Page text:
In many schools, kids have access to snacks and beverages throughout the day from vending machines. Kids can also buy foods such as fries and cupcakes a la carte in the lunch line. But do kids really need fatty, sugary snacks available to them at all times?
The Healthy, Hunger-Free Kids Act of 2010 directed the USDA to set nutrition guidelines for snacks sold in schools as well as breakfast and lunch. Earlier this year, the USDA submitted a set of guidelines for school snacks that resembled the guidelines for breakfast and lunch that went into effect at the beginning of the 2012-2013 school year. Some of the radical ideas include a requirement that the snack be “either a fruit, a vegetable, a dairy product, a protein food, a “whole-grain rich” grain product…, or a combination food that contains at least ¼ cup of fruit or vegetable.”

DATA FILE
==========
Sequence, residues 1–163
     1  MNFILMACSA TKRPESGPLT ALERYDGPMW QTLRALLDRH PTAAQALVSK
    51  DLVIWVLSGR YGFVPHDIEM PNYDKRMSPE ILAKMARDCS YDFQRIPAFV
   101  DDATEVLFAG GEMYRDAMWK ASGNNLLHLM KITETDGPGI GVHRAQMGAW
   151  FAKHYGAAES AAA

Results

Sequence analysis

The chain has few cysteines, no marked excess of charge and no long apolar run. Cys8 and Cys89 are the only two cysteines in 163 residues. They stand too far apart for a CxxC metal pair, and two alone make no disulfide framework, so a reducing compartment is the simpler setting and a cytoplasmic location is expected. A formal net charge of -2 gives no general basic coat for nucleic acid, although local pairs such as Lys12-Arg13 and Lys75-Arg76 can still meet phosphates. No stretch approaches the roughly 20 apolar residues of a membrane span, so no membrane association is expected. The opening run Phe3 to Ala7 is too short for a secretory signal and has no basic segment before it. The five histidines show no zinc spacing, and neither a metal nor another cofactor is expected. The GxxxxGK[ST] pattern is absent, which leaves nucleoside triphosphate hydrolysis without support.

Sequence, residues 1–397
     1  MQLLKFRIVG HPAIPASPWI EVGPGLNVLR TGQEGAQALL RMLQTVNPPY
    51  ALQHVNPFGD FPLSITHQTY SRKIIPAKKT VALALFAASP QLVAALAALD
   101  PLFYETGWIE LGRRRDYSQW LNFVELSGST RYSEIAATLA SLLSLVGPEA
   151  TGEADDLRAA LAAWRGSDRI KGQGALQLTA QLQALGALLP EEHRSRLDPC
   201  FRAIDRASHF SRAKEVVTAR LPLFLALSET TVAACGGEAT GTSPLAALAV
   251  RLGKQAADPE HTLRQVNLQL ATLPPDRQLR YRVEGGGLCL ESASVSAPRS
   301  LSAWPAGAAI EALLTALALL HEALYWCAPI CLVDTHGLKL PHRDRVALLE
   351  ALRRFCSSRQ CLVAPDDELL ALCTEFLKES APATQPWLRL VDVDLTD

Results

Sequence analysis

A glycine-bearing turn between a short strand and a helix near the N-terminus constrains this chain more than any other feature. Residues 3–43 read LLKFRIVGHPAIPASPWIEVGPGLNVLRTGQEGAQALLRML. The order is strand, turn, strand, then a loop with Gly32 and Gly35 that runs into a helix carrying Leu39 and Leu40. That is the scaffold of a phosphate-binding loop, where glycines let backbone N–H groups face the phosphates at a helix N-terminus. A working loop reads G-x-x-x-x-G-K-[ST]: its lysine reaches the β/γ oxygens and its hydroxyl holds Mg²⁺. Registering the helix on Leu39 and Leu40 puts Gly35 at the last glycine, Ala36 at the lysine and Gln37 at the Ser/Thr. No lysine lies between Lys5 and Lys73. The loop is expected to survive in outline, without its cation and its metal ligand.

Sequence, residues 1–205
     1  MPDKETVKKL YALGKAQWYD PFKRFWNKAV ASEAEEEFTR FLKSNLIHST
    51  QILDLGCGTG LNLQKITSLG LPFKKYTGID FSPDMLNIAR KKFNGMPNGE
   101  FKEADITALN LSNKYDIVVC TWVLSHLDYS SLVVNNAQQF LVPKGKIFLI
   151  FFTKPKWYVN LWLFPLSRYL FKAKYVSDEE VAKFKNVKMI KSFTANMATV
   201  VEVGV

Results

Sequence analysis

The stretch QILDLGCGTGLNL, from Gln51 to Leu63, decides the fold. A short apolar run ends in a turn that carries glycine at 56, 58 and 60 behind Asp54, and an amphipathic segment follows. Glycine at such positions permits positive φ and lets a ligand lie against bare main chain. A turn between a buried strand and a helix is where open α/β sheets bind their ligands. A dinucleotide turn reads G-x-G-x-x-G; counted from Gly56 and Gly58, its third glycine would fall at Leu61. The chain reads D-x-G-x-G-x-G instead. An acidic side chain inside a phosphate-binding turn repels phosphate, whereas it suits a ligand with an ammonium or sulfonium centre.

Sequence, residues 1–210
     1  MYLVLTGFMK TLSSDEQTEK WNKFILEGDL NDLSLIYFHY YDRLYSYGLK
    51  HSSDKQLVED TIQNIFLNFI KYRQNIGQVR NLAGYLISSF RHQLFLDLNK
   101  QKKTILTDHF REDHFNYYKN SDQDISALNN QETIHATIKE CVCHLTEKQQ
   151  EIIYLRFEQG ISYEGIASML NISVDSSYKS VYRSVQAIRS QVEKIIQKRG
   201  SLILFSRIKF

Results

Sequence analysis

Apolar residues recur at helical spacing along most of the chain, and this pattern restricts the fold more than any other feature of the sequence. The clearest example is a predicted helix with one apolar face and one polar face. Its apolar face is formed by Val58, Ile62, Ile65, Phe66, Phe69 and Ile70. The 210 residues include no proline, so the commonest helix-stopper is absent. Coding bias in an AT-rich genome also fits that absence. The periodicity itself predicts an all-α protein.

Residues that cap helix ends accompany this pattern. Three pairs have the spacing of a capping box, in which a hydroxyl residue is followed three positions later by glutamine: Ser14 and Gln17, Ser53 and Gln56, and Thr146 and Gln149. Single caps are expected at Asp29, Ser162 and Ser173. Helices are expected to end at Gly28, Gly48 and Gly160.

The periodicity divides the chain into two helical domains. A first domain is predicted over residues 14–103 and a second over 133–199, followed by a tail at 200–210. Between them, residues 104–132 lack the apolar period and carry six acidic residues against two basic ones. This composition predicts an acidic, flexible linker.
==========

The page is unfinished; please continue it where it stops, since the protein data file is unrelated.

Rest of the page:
The largest benefit of improving school snacks is the impact on kids’ health. Unhealthy kids often grow up to be unhealthy adults. Selling healthy snacks reinforces health and nutrition education and also supports parents’ attempts to teach their kids healthy habits. The infographic below from the Kids Safe and Healthful Food Project puts it together nicely.
Apples photo via Shutterstock